For example, some firms have organised training for not-for-profit organisations on topics including directors’ duties, risk management, employment, taxation, privacy and contracts. The seminars were open to any community organisation worker to attend – and they provide an efficient way of communicating information and expertise to a number of people at one time.

Ways to assist RRR CLCs with access to this kind of training could include:

Firms considering conducting training programs for CLCs or community organisations should consult with CLCs, probably through their peak bodies (State offices or NACLC – see 7 Resources and contact points below) on what areas would be most useful to CLCs. Areas of law where need is high are likely to change, and there may already be training available from other sources. For example, employment and industrial law are currently widely identified by CLCs as an area where access to training and information would be helpful. One regional CLC which has links with various local sexual assault agencies suggested that a workshop on defending subpoena requests in sexual assault matters would be of benefit – and such a workshop may be useful for other CLC participants.

4 Other opportunities for RRR pro bono work

4.1 Enhancing volunteer support for CLCs

As noted above, many RRR CLCs are unable to incorporate volunteer support into their service delivery model. The Centre, in conjunction with the National Association of Community Legal Centres, has recently launched The ‘clcvolunteers’ website enables students and others to find volunteering opportunities at CLCs across Australia. The site uses a red-light/green-light system to indicate which CLCs are seeking volunteers. The site also contains information on what to expect as a volunteer at a CLC.

It is likely that there is scope to work more closely with the various State and Territory Law Societies and Bar Associations and their regional associations or sub-committees to enhance pro bono volunteer work in RRR areas, and with RRR CLCs. Furthermore, there is probably scope to explore the opportunities for creating student placements and/or professional practice experience at RRR CLCs.

4.2 Multi-tiered relationships and partnerships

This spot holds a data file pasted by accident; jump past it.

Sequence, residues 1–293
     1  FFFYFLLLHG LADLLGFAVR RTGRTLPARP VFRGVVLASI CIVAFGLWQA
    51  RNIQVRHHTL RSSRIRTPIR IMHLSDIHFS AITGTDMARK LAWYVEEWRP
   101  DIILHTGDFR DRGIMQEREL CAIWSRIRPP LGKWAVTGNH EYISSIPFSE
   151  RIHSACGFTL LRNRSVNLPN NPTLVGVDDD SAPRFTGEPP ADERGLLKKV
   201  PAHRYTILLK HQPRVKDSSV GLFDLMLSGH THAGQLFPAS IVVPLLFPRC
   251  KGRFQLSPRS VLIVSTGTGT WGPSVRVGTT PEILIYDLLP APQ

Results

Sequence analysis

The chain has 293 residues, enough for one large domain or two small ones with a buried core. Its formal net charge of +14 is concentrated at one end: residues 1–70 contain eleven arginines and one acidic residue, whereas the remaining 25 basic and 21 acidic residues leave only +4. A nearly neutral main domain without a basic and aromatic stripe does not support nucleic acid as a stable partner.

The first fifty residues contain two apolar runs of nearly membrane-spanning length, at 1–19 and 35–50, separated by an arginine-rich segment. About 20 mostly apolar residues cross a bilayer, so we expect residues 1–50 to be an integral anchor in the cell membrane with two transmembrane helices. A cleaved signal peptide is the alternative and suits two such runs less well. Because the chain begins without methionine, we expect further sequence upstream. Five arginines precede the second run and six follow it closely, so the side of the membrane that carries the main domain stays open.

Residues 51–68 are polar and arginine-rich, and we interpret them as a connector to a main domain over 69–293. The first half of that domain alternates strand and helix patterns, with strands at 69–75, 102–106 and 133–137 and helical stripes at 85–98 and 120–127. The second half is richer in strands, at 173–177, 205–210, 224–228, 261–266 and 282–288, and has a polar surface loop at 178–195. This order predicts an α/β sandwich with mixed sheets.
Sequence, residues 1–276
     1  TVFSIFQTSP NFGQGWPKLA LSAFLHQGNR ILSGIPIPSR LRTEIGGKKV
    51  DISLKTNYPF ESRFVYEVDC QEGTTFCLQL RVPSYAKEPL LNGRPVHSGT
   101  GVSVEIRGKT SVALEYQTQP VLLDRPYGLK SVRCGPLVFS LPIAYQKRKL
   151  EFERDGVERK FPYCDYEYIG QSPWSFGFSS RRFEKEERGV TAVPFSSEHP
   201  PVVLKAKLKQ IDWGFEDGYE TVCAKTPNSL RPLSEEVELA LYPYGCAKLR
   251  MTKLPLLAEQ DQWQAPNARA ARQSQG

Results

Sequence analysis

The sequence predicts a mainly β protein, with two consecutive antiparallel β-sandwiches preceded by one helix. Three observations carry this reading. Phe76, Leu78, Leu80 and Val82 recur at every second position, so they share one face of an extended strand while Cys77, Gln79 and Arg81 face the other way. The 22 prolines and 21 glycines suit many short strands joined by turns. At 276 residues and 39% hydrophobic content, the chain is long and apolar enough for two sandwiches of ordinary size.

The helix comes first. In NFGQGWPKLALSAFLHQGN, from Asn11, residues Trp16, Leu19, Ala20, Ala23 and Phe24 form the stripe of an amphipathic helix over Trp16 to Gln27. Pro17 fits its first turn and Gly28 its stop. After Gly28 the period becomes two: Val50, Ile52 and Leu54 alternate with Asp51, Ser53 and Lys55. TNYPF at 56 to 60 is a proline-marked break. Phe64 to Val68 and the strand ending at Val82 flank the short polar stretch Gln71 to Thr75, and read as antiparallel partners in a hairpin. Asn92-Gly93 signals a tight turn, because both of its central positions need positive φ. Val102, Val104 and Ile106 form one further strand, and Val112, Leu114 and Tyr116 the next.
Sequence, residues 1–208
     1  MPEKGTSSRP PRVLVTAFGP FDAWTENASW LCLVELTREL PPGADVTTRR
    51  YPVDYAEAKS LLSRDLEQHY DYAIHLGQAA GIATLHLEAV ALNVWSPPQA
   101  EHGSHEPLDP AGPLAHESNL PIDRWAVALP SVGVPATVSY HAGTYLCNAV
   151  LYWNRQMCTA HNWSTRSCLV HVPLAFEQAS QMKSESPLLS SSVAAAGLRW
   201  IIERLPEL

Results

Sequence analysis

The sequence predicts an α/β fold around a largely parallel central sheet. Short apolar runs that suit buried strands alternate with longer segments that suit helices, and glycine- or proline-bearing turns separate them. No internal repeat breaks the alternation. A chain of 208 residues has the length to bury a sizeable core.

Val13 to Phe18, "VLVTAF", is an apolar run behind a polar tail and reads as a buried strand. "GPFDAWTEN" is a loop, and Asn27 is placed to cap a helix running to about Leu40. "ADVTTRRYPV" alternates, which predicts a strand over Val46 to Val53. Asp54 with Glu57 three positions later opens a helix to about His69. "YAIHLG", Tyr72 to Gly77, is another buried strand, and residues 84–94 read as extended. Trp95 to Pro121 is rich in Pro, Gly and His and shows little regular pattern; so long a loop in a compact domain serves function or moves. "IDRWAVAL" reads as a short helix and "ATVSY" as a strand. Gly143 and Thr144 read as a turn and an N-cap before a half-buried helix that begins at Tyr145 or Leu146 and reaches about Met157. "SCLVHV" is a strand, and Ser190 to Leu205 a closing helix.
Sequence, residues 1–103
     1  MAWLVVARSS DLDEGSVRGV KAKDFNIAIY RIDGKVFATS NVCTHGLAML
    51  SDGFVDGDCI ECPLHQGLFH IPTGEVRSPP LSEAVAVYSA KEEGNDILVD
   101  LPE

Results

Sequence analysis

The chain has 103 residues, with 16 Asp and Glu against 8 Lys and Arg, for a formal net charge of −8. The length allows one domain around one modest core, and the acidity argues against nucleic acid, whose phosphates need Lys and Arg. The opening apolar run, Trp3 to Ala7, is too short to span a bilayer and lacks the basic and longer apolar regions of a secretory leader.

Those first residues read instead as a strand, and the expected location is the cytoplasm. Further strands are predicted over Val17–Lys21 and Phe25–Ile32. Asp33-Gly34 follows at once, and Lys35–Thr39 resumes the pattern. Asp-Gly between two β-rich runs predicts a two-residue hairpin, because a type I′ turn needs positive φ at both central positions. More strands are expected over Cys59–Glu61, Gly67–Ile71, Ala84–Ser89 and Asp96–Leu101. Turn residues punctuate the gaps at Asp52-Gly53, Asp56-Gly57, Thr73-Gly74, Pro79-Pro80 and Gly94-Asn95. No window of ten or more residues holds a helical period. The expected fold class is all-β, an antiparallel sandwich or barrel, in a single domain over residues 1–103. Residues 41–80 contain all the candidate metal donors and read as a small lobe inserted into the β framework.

The growth of pro bono in the last decade has been accompanied by a noticeable extension of pro bono beyond the provision of advice, assistance and representation to the client. Law firms are increasingly offering more than specialist skills and advice. They are building ‘multi-tiered relationships’ and partnerships with their pro bono partners in the community, particularly CLCs.

Partnerships may involve legal and non-legal, financial and in-kind assistance. Some partnerships involve the secondment of solicitors or clerks[48] to the partner CLC on a rotating or sessional basis. Some partnerships try to involve the whole firm in the relationship, through workplace giving programs whereby the firm may match dollar-for-dollar the amount donated by staff, as well as other forms of non-legal assistance such as donations of furniture, computer and other IT resources. Partnerships between firms and community organisations create close connections between both parties, leading to greater trust, familiarity, responsiveness and a willingness to extend assistance innovatively and more effectively than with one-off referrals.

The potential for pro bono partnerships to generate assistance to disadvantaged people is considerable. Consultations with pro bono coordinators of large city firms and RRR CLCs have indicated that there is a great deal of enthusiasm about establishing and developing pro bono relationships. There is recognition of the positive impact that such relationships can have on effective referrals and of building the capacity to explore more productive and innovative collaboration.

Apart from the traditional model of providing legal advice and representation of clients referred by a CLC, multi-tiered pro bono partnership might include the following forms of legal assistance:

4.3 Secondments of solicitors to RRR CLCs

Secondments of solicitors to RRR CLCs and other community organisations are a valuable way of providing assistance. Most secondments involve seconding solicitors on a sessional basis to CLCs in metropolitan areas and a number of firms have been sending solicitors to more remote CLCs, acknowledging the high demands and unmet client needs in those communities.

There are many collateral advantages of providing secondees to CLCs which include:

However, before a firm and CLC enter into a secondment relationship, it may be useful to consider the following:[49]

While secondments are often a favoured form of pro bono assistance, there are limits on the ability of pro bono firms to provide secondments and to commit to ongoing secondment programs. Providing/funding secondments constitutes a significant proportion of firms’ pro bono budgets, and the capacity for many firms to provide secondments is likely to be limited. Following are some examples of RRR secondments.

Freehills and the Walgett Family Violence Prevention Legal Service (WFVPLS)

WFVPLS is an outreach service of the Women’s Legal Service (WLS) NSW. Freehills has been posting solicitors to WFVPLS on 6 month secondments since October 2004. Each secondee is based at WLS, but travels to Walgett one week every month to coincide with local court sessions in Walgett and Lightning Ridge. While in Walgett, secondees attend court and undertake other work that arises from WFVPLS client matters. This includes apprehended domestic violence orders, victim’s compensation and related family law and child protection work.